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I often encounter claims that these letters formerly were pronounced differently. Can anybody please point me to a sound record that shows the difference?

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Well, in short here are main facts about "ять":

  • In Slavic it had evolved from PIE long e, but Indo-European diphthongs ai and oi also became ѣ.
  • Actually, nowadays nobody know for what exactly sound it stands in Slavic. But most probably, according to language reconstruction, it represented long æː.
  • There is also another hypothesis that this "ять" represented diphthong 'ie'.
  • We can hardly speak about separate phoneme in Old Russian, since it had been lost on early stages of language evolution. Yet, very subtle difference between e and ѣ had held pretty long (especially in dialects). For example, Lomonosov wrote in XVIII century that "слух требует ... в е дебелости, в ѣ тонкости", and I do believe that it hardly can be described somewhat more precisely )
  • In different Slavic languages "ять" became different vowels. For example, in Russian, in majority of dialect, it became "е" - as in хлеб, in Ukrainian - i (хлiб).
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In Russian, е and ѣ completely lost their difference about the end of XVIII, long before sound recording was invented.

PIE contrasted long and short vowels. ѣ originated from the PIE's long vowel ē which in some other languages turned into diphtongs. It is commonly accepted that it was a long vowel in Russian as well, though it is disputed whether it was just a long vowel or a diphtong.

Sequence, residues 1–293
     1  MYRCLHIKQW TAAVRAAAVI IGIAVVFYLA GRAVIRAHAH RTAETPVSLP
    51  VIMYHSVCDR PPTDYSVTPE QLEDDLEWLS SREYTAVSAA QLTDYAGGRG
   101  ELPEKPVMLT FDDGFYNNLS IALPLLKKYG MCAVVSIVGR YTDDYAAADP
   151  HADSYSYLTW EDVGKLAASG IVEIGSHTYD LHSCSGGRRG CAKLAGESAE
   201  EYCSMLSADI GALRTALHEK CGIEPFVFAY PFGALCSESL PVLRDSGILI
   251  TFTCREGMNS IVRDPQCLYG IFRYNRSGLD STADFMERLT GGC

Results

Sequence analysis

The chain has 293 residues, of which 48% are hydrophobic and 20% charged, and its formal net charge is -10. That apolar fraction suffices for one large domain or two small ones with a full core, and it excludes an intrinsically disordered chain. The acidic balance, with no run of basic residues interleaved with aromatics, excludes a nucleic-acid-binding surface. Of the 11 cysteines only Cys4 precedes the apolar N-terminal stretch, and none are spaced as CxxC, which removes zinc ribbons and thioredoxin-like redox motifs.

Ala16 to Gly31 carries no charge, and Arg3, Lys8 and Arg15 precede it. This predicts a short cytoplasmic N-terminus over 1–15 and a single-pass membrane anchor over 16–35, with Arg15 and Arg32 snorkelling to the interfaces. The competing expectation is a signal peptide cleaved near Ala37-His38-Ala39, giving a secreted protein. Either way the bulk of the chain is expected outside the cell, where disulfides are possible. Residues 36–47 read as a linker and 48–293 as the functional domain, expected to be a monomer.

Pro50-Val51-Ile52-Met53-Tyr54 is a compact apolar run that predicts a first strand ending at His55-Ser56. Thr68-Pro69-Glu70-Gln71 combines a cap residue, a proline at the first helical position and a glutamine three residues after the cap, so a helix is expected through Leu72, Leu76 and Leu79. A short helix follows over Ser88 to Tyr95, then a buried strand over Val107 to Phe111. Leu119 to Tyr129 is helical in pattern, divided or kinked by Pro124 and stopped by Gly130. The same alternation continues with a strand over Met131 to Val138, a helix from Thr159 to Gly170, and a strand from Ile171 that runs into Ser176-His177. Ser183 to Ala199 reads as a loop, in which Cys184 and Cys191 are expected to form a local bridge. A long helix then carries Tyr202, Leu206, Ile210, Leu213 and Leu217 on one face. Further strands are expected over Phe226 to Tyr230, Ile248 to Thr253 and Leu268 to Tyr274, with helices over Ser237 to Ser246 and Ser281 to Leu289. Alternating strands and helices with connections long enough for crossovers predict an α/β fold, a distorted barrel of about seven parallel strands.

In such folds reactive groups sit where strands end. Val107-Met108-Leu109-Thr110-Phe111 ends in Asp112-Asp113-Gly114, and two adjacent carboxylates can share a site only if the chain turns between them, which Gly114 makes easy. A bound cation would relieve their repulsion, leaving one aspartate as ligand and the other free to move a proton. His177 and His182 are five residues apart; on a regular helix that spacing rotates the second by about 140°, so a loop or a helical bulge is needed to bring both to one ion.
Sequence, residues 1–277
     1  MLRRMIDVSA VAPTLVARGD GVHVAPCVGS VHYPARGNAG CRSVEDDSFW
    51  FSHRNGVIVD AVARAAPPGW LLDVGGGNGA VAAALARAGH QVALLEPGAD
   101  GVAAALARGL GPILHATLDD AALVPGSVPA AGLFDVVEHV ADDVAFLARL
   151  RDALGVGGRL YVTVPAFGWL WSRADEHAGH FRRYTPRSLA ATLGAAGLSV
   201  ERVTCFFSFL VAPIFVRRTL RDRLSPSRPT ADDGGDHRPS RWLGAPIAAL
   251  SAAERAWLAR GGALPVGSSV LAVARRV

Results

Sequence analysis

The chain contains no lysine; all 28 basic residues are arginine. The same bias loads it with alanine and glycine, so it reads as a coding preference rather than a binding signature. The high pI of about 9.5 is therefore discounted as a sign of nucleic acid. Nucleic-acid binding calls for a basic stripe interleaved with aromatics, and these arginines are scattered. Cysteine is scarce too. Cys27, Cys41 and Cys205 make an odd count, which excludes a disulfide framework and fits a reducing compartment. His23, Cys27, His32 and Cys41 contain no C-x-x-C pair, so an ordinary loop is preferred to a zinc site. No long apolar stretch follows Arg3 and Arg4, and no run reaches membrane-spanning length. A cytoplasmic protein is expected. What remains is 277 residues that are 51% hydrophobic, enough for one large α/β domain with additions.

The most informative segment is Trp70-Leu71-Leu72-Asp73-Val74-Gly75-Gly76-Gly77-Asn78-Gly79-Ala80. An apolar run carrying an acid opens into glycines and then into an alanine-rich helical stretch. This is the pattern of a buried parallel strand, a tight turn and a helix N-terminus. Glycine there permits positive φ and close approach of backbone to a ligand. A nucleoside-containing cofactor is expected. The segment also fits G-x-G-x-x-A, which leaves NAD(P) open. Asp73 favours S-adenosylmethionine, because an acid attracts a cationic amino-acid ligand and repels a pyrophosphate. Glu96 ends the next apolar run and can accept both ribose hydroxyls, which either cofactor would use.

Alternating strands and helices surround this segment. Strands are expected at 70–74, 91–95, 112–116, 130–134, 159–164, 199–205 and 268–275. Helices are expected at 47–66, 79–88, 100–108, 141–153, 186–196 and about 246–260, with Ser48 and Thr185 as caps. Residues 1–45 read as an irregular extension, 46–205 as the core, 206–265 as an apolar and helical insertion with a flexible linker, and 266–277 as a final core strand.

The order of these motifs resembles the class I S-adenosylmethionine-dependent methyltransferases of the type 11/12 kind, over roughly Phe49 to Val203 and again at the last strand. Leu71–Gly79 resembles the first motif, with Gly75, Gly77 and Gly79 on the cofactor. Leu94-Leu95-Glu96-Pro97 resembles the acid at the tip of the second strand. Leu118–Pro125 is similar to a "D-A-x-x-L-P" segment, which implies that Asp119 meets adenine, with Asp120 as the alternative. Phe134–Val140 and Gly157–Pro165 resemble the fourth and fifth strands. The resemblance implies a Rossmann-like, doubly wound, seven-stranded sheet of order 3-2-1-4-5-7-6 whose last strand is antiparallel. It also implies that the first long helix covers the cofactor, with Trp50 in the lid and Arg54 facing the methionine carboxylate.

The Novgorod gramotas started to mix ѣ with е, и and ь in early XII, and Zaliznyak in Древненовгородский диалект mentions that *ѣ <-> и mix had phonetic nature, while *ѣ <-> е/ь does not allow to distinguish between phonetic and graphic reasons reliably. So in Old Novgorod dialect, it was most probably closer to и than to е.

Even now, different flavors or Serbo-Croatian pronounce words with historical ѣ differently: Rika / Reka / Rijeka.

That said, it is not clear how exactly ѣ was pronounced in Old Russian or Proto-Slavic, most probably its pronunciation heavily varied with dialect and time, and no reliable descriptions of its sounding persisted (to say nothing of sound records, of course).

It was surely a long vowel, close to и, е or the diphtong ие, and the three most probably coexisted in various dialects of Russian.

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It is worth noting that in modern Russian pronunciation there are three different e-ish sounds: one is a soft е as in "сеть", the second is a hard э as in "эхо", and the third appears in (very widely used) loanwords from English, like both е-s in "менеджер". It's harder than the first and softer than the second.

Now, some people pronounce this sound as a hard э or soft е, but it is kind of awkward and doesn't sound right; so the third sound is used.

I have no idea whether ѣ ever mapped to this sound, though.

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  • 3
    You are wrong, in Russian there are hard and soft consonants, not vowels. – Anixx Sep 19 '12 at 9:50
  • This is an extremelly simplified view of Russian phonetics. I can pronounce at least two distinct е-s without whatsoever consonant around. – alamar Sep 19 '12 at 15:40
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    Also irrelevant. If it suits you better you can think Russian has two distinct levels of patalization instead of just one: halfway in "менеджер", full in "мел" – alamar Sep 19 '12 at 15:43
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    @Anixx: this difference in vowels is usually thought of as a phonetic, not phonematic (i.e. allophony), but it is just a convenient theory. The “same phoneme” /e/ is pronounced [e] in its “soft” version (after soft consonants) and [ɛ] in its “hard” version (after hard consonants). Because coarticulation exists, one may not say that Russian hasn’t any hard–soft distinction of vowels. – Incnis Mrsi Oct 18 '14 at 2:24
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    IMHO alamar’s posting was unjustly −ed. There are actually different sounds, although this difference is coupled with the palatalization quality of the preceding consonant. Also, an intermediate degree on the hard–soft scale is not an impossible thing, although it is difficult to discuss since examples were not provided. – Incnis Mrsi Oct 18 '14 at 2:48

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